Grand dames of town council step down

Published 11:00 pm Friday, August 24, 2012

Two of the grand dames of town councils are stepping aside to let “somebody else have a turn.”

Norma McLeod

Norma McLeod has served on the Goshen Town Council for 20 years. Her counterpart Wilda Steele has served on the Banks Town Council 14 years.

They say, “It’s time.”

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Both octogenarians said “a fall” was a contributing factor, along with their age, to their decision to step down.

“A cat threw me down on the brick patio and knocked my teeth out,” McLeod said, with a laugh. “That told me something.”

Wilda Steele

Steele also tumbled and had to miss a few town meetings. And that got her thinking.

But neither of the grand dames cited the stress and strain of a political campaign as a contributing factor to their retirement.

McLeod said she has never campaigned.

“If I saw somebody out, I’d ask them to vote for me, if they saw where they could,” she said.

The Goshen town council members run at-large and, in one election, McLeod got more than 75 percent of the votes.

“That made me feel kind of good. But some of the other people running didn’t feel all that good about it,” she said with a chuckle.

Steele knows nothing about running a campaign. Banks has not had an election in about 30 years.

“I don’t know how we do it,” Steele said, laughing. “Somebody retires or quits and we appoint a new council member. When it comes election time, we’ve got a mayor and council and nobody wants our jobs.”

McLeod and Steele said they “got on” their town councils because they believed they could make contributions to their communities.

“I started out with the town keeping books and along the line somebody retired and I was asked to come on the council,” McLeod said. “I thought I could do some good.”

Most of the time McLeod served, she was mayor pro tem.

“I never wanted to be mayor,” she said. “I was too busy for that. I worked in Troy for 30 years, 23 of them with OCAP, and I had three children so I didn’t have time to try to be mayor.”

Steele never aspired to be mayor either. She was content to just serve on the council.

“I’ve lived in Banks all my life and I felt like I could make a contribution so that’s what I should do,” Steele said.

“I surely didn’t do it for the money. Every three months, we get a check for $60. Nobody’s doing it for the money.”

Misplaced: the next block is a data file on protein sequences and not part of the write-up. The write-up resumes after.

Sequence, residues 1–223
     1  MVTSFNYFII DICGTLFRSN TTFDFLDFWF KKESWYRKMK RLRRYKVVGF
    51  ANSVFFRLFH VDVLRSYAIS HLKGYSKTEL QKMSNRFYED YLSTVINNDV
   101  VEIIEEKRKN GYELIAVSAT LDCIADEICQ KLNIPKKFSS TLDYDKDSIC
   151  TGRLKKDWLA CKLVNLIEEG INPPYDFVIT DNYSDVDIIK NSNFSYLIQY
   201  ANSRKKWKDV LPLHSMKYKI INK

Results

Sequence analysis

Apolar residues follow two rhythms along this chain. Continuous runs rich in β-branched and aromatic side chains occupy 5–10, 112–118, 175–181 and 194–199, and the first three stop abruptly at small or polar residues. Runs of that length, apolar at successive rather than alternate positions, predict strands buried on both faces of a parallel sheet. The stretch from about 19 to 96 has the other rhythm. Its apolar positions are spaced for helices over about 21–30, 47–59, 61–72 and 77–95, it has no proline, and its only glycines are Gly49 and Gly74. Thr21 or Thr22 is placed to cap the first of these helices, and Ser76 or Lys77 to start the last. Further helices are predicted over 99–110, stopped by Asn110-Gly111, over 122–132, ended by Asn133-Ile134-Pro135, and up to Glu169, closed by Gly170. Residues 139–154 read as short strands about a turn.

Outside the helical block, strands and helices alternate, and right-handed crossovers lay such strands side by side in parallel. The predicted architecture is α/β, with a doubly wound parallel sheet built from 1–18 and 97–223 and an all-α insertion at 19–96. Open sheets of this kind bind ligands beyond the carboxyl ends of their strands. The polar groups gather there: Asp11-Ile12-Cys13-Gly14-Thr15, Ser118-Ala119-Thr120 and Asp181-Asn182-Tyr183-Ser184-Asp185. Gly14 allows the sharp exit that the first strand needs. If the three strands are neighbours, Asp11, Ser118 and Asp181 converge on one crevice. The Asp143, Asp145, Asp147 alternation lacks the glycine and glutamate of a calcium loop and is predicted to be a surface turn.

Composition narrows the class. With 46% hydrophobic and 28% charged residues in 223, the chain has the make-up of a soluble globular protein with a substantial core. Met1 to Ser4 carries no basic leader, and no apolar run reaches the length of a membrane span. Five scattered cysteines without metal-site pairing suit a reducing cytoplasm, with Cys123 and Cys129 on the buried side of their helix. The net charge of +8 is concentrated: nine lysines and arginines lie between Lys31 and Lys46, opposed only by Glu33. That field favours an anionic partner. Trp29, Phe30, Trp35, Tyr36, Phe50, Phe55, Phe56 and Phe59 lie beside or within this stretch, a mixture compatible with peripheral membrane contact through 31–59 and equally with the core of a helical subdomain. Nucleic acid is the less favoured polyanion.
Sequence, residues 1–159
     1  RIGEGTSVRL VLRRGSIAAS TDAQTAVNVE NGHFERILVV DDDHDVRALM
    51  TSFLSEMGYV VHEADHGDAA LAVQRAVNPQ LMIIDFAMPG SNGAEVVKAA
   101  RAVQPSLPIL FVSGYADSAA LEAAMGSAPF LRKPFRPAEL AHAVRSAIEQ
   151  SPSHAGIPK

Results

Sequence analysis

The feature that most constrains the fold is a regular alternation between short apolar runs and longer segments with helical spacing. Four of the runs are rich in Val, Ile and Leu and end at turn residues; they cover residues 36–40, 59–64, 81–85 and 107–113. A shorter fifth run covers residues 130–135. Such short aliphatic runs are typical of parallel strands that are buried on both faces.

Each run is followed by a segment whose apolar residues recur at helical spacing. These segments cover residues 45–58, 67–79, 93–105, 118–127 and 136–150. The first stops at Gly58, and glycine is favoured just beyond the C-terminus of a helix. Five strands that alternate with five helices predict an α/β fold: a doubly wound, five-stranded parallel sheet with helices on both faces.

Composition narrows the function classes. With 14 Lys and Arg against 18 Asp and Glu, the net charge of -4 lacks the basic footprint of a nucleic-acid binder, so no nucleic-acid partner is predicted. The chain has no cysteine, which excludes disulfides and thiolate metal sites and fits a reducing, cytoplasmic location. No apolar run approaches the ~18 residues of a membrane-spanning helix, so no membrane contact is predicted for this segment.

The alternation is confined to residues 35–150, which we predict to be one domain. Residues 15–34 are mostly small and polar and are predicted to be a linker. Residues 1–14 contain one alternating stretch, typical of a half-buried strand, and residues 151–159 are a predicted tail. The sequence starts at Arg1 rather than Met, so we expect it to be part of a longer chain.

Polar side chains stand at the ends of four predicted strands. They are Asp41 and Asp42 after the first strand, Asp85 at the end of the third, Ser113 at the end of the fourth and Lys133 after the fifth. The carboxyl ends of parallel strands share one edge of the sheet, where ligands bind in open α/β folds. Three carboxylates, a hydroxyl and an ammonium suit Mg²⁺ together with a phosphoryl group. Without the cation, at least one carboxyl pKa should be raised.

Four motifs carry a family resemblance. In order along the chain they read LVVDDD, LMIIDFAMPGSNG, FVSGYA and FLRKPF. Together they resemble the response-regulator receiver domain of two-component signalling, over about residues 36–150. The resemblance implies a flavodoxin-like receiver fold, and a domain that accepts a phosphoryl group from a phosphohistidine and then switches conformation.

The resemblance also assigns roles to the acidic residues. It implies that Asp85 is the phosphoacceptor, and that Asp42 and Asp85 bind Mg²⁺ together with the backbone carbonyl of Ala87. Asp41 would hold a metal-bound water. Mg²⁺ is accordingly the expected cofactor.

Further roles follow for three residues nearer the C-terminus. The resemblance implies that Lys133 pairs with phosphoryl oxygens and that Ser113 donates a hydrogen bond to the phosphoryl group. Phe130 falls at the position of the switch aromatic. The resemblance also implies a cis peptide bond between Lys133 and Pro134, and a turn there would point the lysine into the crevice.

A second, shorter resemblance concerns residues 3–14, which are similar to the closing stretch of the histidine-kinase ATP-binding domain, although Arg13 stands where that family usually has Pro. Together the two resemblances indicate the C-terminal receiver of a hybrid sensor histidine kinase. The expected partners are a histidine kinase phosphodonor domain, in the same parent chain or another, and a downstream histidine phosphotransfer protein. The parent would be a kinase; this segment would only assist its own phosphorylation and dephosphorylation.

Steele said hopes that she has made a contribution to the town and that she has been a contributing member of the council.

“We’ve done some good things – some things that I’ve been proud of,” she said. “We put in a water tower without the price of water going up. And, we’ve got a new water meter reading system so Larry (Messick) doesn’t have to get down on his knees to read the meters. Technology can be a blessing.”

Steele said the cemetery is kept clean and the town’s right of ways.

“We’ve got a good fire department and we really appreciate our firefighters,” she said. “We don’t have a police department. We don’t have much crime because we look after each other.”

Steele said her hope for Banks is that the spirit of community will always be its hallmark.

McLeod said that she, too, takes pride in the many good things that she has been a part of as a member of the town council.

“Our town hall was almost rotting down and we got a grant/loan to build a new one,” she said. “We bought the building down from town hall and fixed it up. It’s got a kitchen and it’s a nice place for family reunions, things like that.”

The paving of Main Street is another accomplishment that McLeod cites.

“One big thing was the half million dollar grant and low interest low that the town got to get houses fixed up,” she said. “Some of the houses got new roofs and some got air conditioning. That was a big help to a lot of people.”

Steele and McLeod said they are stepping aside as town council members but they plan to stay involved.

They don’t plan to just sit on the porch and let the world go by. Every now and then, they are going to rock.